Proclamation 5558 -- United Nations Day, 1986
October 22, 1986
By the President of the United States of America
United Nations Day is an occasion to reaffirm our devotion to the principles of the United Nations Charter and to celebrate mankind's progress toward the kind of world the framers of that Charter longed for and planned for in the aftermath of the Second World War. That world is one founded upon universal and reciprocal respect for human rights and the peaceful resolution of differences.
When we reflect on the record of the world's governments in this twentieth century in bringing to fruition mankind's dreams of peace, human rights, freedom, and justice, we can only conclude that much remains to be done. Our century has witnessed the rise of totalitarian systems, the two world wars, mass annihilations, incessant local and regional conflicts, and systematic violations of human rights. Mankind clearly stands in need of help in learning to live in peace and cooperation.
This is the kind of help that the ideals and institutions of the United Nations offer. But we must also help ourselves, and we can continue to do so by resolving to live up to the ideals of the U.N. Charter. The United Nations today faces a crisis of cash and credibility. The opportunity exists, during the 41st General Assembly, for the member states to consider and adopt a program of reforms; strengthen the U.N.'s ability to reach and help humanity, particularly the poorest and most defenseless; and reinforce the U.N.'s mission to keep the peace and promote human rights. If all the members of this universal organization decide to seize the moment and turn the rhetoric of reform into reality, the future of the United Nations will be secure.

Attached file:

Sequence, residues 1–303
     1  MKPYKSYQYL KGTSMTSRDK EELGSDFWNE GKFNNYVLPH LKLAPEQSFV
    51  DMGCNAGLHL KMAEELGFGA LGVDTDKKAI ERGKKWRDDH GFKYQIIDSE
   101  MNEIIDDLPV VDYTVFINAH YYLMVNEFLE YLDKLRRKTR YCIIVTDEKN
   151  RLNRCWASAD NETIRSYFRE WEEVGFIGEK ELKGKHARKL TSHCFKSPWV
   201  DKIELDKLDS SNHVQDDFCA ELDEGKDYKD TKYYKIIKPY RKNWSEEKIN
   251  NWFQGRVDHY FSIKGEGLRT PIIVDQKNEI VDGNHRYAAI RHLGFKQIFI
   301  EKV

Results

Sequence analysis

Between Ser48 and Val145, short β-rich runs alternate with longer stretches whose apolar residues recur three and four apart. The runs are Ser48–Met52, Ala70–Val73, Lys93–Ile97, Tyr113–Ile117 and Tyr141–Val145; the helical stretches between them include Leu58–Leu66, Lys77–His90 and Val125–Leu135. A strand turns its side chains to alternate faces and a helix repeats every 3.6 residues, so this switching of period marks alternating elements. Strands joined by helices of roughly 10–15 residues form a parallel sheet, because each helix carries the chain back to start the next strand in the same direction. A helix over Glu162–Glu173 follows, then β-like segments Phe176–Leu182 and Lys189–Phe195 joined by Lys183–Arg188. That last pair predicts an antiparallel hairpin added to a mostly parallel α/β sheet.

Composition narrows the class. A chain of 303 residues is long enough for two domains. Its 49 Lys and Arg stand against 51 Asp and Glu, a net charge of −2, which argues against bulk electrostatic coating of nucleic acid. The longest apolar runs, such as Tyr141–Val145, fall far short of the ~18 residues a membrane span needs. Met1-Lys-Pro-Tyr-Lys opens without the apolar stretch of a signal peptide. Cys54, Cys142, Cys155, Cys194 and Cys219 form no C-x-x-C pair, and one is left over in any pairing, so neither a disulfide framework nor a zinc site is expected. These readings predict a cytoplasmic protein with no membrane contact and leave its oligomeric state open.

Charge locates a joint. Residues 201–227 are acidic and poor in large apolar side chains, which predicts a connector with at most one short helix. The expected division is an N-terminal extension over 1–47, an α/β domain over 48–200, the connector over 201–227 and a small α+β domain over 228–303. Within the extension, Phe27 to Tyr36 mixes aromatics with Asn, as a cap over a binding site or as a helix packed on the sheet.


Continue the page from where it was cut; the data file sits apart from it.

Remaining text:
We have a better world today because of the United Nations and its various international organizations, such as the United Nations International Children's Emergency Fund (UNICEF) -- now celebrating its 40th anniversary of serving the world's children through eradicating disease, lowering the rate of infant mortality, and focusing the world's attention on children in need. We will have a better world tomorrow the more we remain faithful to the vision and the promise of the Charter framed in San Francisco 41 years ago.
Now, Therefore, I, Ronald Reagan, President of the United States of America, by virtue of the authority vested in me by the Constitution and laws of the United States, do hereby proclaim Friday, October 24, 1986, as United Nations Day, and I urge all Americans to acquaint themselves with the activities and accomplishments of the United Nations. I have appointed Roger E. Birk to serve as the United States National Chairman for the 1986 United Nations Day and welcome the role of the United Nations Association of the United States of America in working with him to celebrate this special day.
In Witness Whereof, I have hereunto set my hand this twenty-second day of October, in the year of our Lord nineteen hundred and eighty-six, and of the Independence of the United States of America the two hundred and eleventh.
[Filed with the Office of the Federal Register, 2:14 p.m., October 23, 1986]
Note: The proclamation was released by the Office of the Press Secretary on October 23.